Re: Long over due!
/All/ the work scientific, really? All of it?
As I've said before:
You might say that every work-relating thing I [did] at my desk (that isn't admin or teaching) is taxpayer funded research. So, you all want access to a scan of every bit of paper or back of envelope I ever scrawled an idea on? A recording of research related tea break discussions? A video of me looking baffled for several hours (or sometimes, days)? Half finished work that will probably sit in a drawer for a while until I get the idea that enables me to finish it? Experiment or simulation data that makes no sense to anyone but to me, and is currently inconclusive? If so, when? Now? After 1 year, or 2, or ten? And do you want explanatory notes and documentation; if so will you fund an an assistant to help?
But if all you want is the published research paper to be freely available, then fine. I do that already, using my website or the arxiv. But "research" doesn't mean just published papers or large formal, managed datasets, or carefully documented simulation code.
I guess some of your commenters aren't familiar with academic publishing
Those that say that e.g. " the real cost of publishing ... concerns finding appropriate peer reviewers, editors and proofreaders" because those services are provided free to the journal publisher by academics. Except proofreading, which is all but nonexistent.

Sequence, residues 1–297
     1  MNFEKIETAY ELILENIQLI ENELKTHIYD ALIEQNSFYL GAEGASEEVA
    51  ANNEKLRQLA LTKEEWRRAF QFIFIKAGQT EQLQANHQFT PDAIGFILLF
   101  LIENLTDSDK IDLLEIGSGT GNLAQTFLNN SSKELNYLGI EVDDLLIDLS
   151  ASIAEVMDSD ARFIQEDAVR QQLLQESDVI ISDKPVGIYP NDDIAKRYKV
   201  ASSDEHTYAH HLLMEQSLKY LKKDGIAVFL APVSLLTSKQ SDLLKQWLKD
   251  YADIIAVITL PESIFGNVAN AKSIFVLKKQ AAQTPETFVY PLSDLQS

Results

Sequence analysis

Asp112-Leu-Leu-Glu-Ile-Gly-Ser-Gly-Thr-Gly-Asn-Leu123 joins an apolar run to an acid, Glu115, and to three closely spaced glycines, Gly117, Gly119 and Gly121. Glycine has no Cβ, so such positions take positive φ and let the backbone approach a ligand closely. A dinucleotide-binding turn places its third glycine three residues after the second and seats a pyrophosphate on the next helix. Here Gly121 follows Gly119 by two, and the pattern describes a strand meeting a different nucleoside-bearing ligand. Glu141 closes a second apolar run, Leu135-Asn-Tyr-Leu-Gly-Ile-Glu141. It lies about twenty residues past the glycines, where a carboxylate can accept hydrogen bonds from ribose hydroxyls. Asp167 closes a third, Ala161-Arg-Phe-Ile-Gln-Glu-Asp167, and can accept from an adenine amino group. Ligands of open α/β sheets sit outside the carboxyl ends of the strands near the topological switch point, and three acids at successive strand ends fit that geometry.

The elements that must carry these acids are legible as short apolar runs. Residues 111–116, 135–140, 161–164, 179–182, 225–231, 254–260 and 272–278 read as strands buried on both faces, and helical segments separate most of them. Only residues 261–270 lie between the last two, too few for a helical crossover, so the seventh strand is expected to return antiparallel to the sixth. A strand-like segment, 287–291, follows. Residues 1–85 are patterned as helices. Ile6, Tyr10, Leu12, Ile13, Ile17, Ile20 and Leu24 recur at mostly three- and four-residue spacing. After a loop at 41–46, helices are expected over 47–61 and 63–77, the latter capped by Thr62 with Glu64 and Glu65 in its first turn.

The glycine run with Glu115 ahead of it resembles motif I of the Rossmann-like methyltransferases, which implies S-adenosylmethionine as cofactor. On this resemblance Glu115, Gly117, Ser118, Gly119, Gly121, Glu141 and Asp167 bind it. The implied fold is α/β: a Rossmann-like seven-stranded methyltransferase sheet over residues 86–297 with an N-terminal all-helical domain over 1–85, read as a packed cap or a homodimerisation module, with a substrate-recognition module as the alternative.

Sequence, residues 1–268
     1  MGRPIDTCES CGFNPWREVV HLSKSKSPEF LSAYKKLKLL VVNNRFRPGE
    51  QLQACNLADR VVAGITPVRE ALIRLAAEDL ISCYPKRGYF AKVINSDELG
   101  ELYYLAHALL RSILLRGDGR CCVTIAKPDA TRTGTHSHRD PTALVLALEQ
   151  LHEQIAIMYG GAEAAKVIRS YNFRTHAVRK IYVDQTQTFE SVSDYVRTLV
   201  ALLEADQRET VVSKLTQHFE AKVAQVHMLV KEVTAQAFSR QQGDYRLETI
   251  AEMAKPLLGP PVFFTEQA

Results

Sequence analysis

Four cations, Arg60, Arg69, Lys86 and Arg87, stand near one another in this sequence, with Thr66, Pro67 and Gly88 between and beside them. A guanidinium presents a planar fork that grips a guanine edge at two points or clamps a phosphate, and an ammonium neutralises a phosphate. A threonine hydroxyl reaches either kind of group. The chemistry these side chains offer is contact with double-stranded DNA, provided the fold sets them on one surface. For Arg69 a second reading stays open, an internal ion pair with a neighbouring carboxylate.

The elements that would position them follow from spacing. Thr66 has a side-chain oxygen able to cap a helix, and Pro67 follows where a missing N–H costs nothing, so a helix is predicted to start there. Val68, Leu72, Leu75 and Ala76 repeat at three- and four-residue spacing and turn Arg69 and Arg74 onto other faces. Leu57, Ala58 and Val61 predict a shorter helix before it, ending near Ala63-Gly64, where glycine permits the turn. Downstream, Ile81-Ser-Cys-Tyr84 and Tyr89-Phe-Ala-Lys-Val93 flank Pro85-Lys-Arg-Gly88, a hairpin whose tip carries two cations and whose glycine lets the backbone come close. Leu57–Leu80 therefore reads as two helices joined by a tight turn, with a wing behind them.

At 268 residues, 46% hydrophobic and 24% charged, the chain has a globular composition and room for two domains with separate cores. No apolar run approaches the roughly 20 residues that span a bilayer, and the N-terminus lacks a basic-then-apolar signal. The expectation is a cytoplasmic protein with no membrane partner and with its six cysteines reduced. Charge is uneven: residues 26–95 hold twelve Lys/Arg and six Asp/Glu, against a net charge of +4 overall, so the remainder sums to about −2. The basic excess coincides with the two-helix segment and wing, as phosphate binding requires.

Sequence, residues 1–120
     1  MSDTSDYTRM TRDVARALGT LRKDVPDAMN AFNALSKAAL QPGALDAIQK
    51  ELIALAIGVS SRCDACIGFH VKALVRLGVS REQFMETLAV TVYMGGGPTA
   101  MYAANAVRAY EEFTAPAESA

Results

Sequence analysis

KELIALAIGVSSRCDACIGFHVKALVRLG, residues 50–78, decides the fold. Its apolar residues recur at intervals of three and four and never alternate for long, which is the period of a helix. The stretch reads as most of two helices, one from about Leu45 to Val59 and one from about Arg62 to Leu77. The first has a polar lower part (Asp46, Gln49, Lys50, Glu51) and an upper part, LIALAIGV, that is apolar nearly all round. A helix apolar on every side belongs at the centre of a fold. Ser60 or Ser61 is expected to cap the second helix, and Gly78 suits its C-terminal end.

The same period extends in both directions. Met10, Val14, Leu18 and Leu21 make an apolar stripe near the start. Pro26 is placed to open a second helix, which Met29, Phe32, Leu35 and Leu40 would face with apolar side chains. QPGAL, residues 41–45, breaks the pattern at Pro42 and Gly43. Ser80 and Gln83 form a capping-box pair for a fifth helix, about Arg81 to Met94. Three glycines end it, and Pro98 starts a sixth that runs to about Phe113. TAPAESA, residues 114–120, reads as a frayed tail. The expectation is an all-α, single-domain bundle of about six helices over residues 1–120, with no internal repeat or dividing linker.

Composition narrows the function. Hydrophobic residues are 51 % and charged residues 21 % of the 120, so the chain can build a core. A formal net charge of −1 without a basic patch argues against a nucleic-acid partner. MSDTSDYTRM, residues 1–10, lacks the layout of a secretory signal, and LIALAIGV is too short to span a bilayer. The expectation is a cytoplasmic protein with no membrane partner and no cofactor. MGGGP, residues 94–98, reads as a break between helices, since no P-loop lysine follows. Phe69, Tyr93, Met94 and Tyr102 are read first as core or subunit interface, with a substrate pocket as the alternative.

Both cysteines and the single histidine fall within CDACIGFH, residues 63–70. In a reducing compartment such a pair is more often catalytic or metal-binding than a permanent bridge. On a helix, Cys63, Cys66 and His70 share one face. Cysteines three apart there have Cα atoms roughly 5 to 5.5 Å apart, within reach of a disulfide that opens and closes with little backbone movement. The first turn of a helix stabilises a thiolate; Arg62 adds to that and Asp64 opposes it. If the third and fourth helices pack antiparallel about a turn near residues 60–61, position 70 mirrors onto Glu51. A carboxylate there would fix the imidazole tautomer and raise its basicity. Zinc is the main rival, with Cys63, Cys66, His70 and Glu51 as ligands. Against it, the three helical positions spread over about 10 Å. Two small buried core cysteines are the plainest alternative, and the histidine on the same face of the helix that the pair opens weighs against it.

Who would have thought that you could make so much money by employing highly qualified people (writers, reviewers etc) for free?
University already have to pay for the journals and now we have pay to publish as well. I can't see what's wrong with simply putting the PDF on our own website like many people do already. Google usually finds them.
Will one really have to sit on a UK bog
in order to access this research ? That may be asking rather much of the more squeamish prospective readers among us....
Stupid medieval thinking
The whole idea of dedicated publishers is obsolete, except for tarted up material; printing is not expensive now and often not even required.
The internet exists, P2P exists, cloud services exist, so why not just release it to a managed server cloud or via P2P; paper versions could be printed from this quite cheaply.